“The current case fatality was found to be very high among admitted cases in Government Medical college in Aurangabad (17%) and in Vasant Rao Pawar Medical College, Nashik [18%, (January, 2021) and 31% (February 2021)]. This needs to be investigated in detail including sending samples for Whole Genome Sequencing,” the report said.
Bhushan also spoke about the need to tackle vaccine hesitancy after the central team found that just 40 per cent healthcare workers had been vaccinated.
The team concluded: “Maharashtra is in the beginning of a second wave of Covid-19 pandemic. There is very limited active effort to track, test, isolate cases and quarantine contacts. There is no adherence to COVID appropriate behaviour among people both in rural and urban areas.”
It inferred that the “administrative mechanism should be reinstated to the level witnessed in August-September 2020” to contain the Covid transmission.
Bhushan also asked for death audits to be restarted. “Measures such as night curfews, weekend lockdowns etc. have very limited impact on containing or suppressing the transmission,” he wrote.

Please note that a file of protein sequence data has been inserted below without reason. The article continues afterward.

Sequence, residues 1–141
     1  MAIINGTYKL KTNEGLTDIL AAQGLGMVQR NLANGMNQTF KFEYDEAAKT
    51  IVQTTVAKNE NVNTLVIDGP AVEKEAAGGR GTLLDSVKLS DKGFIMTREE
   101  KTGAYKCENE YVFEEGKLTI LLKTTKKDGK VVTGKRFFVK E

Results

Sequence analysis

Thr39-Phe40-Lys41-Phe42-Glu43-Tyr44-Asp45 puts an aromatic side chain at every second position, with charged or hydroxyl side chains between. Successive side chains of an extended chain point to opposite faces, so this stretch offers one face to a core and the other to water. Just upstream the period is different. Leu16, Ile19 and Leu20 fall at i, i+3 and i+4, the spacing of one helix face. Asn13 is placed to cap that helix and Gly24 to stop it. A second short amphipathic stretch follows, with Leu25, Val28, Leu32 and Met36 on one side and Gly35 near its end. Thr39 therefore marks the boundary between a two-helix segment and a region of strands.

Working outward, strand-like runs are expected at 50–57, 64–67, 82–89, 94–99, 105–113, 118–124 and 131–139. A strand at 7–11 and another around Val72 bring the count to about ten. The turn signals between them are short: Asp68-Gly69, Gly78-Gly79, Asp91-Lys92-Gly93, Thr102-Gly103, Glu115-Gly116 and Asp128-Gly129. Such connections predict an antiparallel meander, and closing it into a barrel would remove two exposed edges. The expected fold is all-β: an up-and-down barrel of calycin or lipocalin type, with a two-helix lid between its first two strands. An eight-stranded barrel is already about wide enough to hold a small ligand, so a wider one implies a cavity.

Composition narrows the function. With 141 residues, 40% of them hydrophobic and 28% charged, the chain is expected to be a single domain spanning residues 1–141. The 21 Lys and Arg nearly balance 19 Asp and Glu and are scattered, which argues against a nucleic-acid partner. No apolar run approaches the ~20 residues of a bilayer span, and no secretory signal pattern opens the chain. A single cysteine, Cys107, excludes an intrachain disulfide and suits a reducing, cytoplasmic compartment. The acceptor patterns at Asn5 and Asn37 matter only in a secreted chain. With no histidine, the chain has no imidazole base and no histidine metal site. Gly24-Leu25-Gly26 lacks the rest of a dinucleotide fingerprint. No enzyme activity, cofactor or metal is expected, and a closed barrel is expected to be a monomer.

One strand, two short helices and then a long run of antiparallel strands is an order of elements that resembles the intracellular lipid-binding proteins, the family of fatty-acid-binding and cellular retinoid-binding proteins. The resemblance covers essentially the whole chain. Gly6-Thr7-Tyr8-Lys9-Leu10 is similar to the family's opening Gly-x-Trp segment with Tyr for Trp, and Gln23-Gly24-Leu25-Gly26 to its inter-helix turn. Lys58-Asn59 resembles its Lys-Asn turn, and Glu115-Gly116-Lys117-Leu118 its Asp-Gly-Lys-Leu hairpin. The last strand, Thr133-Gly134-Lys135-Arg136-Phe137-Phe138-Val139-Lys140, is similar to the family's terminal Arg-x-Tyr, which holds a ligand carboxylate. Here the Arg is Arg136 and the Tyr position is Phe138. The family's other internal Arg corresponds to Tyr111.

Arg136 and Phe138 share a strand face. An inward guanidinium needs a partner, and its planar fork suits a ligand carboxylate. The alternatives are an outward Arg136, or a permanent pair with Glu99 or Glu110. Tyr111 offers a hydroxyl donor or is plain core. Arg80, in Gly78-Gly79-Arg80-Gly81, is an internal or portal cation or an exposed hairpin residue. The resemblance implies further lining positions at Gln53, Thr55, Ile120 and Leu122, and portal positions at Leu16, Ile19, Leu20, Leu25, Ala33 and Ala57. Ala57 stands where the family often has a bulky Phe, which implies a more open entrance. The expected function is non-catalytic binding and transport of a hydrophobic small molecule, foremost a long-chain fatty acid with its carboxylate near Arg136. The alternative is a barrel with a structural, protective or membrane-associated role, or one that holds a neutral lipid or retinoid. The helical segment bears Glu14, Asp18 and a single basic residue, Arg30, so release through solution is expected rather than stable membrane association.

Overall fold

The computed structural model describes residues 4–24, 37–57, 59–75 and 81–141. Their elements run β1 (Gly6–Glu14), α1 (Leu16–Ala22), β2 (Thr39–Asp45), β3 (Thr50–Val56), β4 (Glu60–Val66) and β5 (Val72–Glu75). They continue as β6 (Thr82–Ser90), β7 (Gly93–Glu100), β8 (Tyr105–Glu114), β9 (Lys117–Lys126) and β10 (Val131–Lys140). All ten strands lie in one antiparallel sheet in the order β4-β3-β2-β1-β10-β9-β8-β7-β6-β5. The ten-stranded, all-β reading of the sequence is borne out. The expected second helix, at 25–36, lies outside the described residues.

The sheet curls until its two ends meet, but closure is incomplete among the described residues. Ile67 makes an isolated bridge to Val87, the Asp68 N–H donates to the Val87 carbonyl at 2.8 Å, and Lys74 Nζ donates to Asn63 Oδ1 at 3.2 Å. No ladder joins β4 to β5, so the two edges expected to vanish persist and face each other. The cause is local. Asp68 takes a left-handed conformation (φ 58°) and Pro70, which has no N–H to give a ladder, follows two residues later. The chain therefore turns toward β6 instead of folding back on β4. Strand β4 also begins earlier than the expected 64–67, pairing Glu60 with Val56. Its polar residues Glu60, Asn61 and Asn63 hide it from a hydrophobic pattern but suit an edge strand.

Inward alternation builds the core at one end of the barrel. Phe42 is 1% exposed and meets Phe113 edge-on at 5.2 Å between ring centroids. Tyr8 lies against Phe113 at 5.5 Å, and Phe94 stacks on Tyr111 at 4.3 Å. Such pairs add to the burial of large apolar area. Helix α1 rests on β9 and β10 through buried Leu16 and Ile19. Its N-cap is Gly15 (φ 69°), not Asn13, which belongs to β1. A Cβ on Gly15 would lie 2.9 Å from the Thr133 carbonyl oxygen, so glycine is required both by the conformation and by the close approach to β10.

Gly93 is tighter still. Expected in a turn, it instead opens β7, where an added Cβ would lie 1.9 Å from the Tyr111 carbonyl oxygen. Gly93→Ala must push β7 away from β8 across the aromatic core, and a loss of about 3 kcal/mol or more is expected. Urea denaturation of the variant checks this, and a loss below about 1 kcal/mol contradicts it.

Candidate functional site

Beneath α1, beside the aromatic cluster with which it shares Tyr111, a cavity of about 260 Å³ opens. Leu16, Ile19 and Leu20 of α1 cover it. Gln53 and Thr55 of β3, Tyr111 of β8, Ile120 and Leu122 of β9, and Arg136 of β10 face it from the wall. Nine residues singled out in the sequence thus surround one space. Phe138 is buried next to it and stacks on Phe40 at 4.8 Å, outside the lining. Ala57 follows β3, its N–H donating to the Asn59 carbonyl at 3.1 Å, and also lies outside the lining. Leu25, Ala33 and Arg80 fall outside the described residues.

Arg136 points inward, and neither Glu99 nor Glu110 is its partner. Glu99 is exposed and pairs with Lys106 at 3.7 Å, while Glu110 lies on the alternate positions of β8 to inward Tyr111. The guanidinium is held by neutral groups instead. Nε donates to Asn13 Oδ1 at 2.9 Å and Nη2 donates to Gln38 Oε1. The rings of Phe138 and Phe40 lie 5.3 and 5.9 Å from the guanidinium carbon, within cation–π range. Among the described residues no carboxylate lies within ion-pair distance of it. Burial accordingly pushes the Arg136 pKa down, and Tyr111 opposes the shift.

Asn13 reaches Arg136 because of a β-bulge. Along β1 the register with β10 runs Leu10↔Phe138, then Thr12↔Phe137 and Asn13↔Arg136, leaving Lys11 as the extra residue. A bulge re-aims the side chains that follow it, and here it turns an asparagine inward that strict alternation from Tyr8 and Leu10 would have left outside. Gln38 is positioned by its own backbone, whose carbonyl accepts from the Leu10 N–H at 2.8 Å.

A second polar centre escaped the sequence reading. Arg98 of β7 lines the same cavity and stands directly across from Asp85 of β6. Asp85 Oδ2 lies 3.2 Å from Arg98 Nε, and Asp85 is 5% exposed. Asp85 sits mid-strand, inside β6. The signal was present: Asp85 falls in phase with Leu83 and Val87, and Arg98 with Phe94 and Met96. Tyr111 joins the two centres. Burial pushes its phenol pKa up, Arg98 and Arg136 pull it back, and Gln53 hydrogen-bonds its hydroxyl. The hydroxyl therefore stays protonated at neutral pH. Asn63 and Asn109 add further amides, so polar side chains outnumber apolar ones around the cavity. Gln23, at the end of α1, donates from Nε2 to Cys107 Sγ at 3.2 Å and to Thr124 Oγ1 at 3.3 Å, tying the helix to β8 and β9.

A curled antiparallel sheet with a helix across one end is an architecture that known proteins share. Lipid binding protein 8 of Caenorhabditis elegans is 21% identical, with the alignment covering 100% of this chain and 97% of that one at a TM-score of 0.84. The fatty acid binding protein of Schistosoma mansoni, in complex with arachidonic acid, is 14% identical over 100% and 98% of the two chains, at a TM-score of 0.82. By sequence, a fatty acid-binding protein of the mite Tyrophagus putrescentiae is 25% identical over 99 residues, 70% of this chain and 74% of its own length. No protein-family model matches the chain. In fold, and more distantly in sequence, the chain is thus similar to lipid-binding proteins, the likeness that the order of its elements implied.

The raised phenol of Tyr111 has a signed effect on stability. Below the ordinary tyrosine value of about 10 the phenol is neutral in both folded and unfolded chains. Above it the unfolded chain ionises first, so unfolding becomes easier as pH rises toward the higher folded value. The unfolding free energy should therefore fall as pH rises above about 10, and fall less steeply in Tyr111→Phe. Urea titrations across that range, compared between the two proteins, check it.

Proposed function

Punjab death rate, vaccination pace cause for worry
In his letter to Punjab chief secretary, Bhushan wrote, “…so far supplied to Punjab a total of 12,38,920 doses of vaccine (11,04,840 lakh Covishield and 1,34,080 Covaxin). Till 12 March 2021 only 358162 doses have been consumed in the state. You would agree there is urgent need to accelerate pace of COVID vaccinations in Punjab,” he said.
Sources said the central government is also “very disturbed” by the high death rate in the state — 3.15 per cent against a national average of 1.40 per cent.
“People in Punjab are dying not because they have comorbidities but they are reaching the hospital very late. It is very unfortunate that the state government has not been able to deal with it,” said a senior official who didn’t wish to be named.
In the last 24 hours, Punjab reported 20 deaths out of its 11,000-odd active cases against 15 deaths in Kerala, which has over 30,000 active cases. In the same period, Punjab reported 1,492 new cases against Kerala’s 1,792 cases.